11 Mar 2010
Should designers and clients still be obsessing over the idea of ‘the fold’ in web design? With the exception of certain situations, I believe not. Here‘s why.
Every day design clients the world over receive finished, printed materials and cannot understand why the colours do not look precisely like the artwork that they approved from the comfort and convenience of their computer screen. “Why is there a difference?” they ask the designer in anguish. “Why?”
Well, I’ll tell you why.
We all like fast results in this modern world of ours, and the clients of designers are no different. They typically like to see artwork as soon as the designer has it ready and, after all, the internet makes this immediacy possible. For this reason, designs are often sent as email attachments, or uploaded to servers to be viewed online in a browser. That is where the trouble starts.
At the simplest level, the problem can be described like so: computer monitors are all different. They all work in more or less the same way: combining coloured light in different proportions to create millions of different colours. However, every monitor in the world has its own idiosyncrasies that will skew the balance of the colours that it displays one way or another. So artwork that looks like the purest primary blue on Jack’s monitor might look slightly blue-green on Bill’s, and a bit on the mauve side when viewed on Jill’s laptop. It’s just the nature of the electronics; no two examples are identical. (And even a single monitor can change its characteristics over a fairly short time).
Designers have ways around this. We calibrate our monitors using special software and hardware, and thereby create a set of digital instructions, or a ‘colour profile’. This profile tells our design software precisely how to adjust the on-screen display in order to cancel out our monitor’s quirks. Similar calibrations and corrective adjustments need to be applied to printers, scanners, and so forth, and these adjustments all combine to create what is known as a Colour Managed Workflow. It (hopefully) ensures that what the designer sees on-screen matches what comes off the printing press. It is a fiddly, irksome, but necessary part of being a professional designer. And the best bit?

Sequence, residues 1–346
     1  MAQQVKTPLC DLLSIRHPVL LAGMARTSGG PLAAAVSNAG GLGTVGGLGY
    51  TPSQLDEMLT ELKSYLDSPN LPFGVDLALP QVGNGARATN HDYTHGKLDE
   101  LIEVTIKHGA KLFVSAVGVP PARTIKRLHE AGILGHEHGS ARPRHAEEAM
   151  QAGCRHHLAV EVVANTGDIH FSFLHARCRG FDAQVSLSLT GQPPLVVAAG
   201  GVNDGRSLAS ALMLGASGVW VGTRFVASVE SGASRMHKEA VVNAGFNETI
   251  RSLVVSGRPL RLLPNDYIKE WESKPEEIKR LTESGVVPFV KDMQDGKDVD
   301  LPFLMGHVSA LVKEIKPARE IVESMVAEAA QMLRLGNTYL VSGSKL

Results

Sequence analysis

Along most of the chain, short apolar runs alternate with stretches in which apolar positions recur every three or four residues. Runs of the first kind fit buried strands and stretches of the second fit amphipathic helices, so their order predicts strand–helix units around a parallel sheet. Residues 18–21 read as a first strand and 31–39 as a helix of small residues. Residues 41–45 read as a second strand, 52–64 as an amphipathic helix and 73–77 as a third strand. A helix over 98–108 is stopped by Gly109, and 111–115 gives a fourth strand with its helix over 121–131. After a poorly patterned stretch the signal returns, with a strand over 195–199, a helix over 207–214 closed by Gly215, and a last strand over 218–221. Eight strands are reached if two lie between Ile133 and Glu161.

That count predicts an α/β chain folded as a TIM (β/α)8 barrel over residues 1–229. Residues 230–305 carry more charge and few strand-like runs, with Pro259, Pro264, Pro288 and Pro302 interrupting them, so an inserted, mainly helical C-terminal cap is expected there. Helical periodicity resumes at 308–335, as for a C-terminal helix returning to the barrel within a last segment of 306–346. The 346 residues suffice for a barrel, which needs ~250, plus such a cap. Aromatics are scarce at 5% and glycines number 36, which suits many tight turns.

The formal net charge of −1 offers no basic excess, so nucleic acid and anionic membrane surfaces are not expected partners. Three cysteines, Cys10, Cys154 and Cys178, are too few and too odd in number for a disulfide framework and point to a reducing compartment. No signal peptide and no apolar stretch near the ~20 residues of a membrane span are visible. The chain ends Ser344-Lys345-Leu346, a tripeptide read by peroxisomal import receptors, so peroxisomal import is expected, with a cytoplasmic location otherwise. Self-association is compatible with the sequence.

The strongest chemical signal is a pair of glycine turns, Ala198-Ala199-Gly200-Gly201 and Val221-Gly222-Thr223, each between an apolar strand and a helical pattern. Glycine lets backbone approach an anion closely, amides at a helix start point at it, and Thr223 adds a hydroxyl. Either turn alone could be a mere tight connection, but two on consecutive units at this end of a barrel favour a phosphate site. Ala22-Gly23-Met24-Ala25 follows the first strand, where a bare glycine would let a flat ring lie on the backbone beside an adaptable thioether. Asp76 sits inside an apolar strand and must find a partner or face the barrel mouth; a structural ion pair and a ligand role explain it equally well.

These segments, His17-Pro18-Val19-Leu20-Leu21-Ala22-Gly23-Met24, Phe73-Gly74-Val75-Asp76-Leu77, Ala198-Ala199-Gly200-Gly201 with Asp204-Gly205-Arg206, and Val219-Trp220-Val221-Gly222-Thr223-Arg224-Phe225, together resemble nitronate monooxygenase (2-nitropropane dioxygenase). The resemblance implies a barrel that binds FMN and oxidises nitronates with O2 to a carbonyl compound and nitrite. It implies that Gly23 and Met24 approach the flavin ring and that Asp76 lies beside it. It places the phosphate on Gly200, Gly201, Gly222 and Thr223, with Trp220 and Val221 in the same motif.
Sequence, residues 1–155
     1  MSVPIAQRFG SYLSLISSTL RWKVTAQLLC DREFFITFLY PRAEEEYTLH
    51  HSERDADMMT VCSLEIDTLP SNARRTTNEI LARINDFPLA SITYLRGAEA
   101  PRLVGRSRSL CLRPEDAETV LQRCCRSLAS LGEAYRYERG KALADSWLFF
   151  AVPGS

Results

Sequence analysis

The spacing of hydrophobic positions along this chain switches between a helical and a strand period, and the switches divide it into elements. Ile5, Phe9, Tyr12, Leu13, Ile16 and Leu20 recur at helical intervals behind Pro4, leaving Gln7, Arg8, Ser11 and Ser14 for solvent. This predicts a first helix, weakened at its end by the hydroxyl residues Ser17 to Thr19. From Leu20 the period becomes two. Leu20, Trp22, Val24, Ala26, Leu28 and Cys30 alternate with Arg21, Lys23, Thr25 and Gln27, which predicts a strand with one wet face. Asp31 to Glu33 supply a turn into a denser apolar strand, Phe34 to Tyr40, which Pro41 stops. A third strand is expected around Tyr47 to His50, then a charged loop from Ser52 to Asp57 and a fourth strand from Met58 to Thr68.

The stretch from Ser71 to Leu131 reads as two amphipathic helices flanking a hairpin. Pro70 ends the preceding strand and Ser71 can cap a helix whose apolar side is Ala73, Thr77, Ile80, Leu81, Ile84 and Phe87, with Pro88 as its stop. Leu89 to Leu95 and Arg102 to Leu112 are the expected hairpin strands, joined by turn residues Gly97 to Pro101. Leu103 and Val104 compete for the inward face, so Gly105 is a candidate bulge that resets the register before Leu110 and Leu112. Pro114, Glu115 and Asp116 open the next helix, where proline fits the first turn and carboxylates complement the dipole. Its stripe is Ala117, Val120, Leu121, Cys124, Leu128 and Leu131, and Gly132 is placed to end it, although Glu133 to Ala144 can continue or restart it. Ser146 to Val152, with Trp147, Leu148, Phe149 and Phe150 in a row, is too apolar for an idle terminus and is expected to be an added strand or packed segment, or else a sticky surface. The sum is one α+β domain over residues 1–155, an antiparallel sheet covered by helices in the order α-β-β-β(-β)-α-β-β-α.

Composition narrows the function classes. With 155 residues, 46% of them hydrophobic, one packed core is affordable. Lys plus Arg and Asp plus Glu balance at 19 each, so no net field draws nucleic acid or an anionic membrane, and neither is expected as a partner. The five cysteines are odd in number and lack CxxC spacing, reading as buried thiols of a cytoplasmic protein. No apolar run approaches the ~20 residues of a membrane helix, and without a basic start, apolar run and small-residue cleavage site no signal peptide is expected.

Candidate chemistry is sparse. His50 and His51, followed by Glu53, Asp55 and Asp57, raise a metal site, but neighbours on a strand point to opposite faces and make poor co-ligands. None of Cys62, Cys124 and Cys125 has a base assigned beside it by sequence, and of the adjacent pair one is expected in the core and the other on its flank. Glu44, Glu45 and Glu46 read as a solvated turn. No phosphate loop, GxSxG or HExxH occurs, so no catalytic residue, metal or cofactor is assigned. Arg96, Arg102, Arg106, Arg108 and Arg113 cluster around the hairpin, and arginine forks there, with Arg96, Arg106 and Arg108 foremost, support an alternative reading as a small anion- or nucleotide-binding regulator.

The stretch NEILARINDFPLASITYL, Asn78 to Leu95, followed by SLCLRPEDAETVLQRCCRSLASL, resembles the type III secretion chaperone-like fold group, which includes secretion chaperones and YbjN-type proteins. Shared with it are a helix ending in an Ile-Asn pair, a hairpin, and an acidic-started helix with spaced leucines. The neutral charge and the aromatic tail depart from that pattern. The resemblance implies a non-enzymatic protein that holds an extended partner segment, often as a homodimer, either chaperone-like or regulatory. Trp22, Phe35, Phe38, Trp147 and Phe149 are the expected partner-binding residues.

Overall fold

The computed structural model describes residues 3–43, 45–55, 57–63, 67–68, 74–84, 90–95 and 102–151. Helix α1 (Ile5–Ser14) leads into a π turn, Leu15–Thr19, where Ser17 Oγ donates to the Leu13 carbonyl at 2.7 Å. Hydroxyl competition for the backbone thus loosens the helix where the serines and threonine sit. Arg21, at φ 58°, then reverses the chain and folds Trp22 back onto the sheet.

As soon as you view the artwork on an uncalibrated monitor, all of that fine tuning goes right out of the window, and all bets are off. And when I say ‘uncalibrated monitor’, I mean, of course, the client’s monitor.
Clients’ monitors are not colour calibrated. Why would they be? Colour management is a pain in the arse; nobody in their right mind would bother with it if their profession did not require it. However, it is important that clients are at least aware of the issue, because it comes down to this:
If you assume that the colours that you see on your uncalibrated monitor are an exact match for the colour that will be produced on the printing press, then you are setting yourself up to be Vexed and Somewhat Unhappy.
Now, I should state clearly that all this applies to print projects. With print, there is a definitive, ‘correct’ colour — the colour that the designer intended for the final printed product — and anything else can be seen as a deviation away from that. If we’re talking about an online project, however, then the idea of completely consistent colour is a meaningless nonsense; if every computer monitor skews colour in one direction or another anyway, then the skewed colour that you see on your screen is no more ‘correct’ than the skewed colour that anyone else sees.
But what about the client who wants to assess the design of his or her company brochure on-screen before it goes to the printers? What are they to do? Well, they could buy monitor calibration hardware and recalibrate their monitor every couple of weeks or so. But this is is a awfully big sledgehammer for such a small nut. An alternative, if distance permits, would be to conduct all artwork reviews at the designer’s office, where the equipment should be properly tuned for colour accuracy. Really, though, the solution is much simpler.
My advice is simply to be aware of and accept the fact that monitors all differ. Allow for that uncertainty by not making colour-critical decisions based on your uncalibrated screen. If possible view the initial designs, where precise colour choices are being agreed upon, on the designer’s colour-managed equipment, or refer to reliable printed swatches. And, thereafter, trust your designer to make the right decisions on your behalf. You hired them for their expertise, after all.
Remember: designers calibrate so you don’t have to.